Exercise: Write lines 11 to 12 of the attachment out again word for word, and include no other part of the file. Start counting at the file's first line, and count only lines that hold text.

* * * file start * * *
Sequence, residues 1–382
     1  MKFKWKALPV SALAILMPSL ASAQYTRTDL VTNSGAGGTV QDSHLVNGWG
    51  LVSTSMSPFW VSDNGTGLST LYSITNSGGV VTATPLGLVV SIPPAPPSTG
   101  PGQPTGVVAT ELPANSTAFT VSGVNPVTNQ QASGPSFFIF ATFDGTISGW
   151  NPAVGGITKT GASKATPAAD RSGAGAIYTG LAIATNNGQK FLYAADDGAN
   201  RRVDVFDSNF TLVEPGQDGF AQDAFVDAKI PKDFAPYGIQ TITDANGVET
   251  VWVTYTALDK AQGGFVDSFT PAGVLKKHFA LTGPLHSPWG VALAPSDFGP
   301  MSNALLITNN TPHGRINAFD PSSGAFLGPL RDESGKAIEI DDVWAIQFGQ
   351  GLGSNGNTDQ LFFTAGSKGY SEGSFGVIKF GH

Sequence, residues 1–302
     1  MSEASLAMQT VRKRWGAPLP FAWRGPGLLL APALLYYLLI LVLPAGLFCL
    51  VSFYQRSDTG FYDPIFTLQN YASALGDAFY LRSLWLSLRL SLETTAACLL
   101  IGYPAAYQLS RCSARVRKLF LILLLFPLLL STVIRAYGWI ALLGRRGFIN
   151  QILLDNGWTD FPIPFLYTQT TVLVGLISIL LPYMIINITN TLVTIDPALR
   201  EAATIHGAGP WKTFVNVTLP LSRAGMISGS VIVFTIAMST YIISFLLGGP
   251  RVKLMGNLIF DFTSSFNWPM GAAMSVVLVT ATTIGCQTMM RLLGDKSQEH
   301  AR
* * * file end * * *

     1  MSEASLAMQT VRKRWGAPLP FAWRGPGLLL APALLYYLLI LVLPAGLFCL
    51  VSFYQRSDTG FYDPIFTLQN YASALGDAFY LRSLWLSLRL SLETTAACLL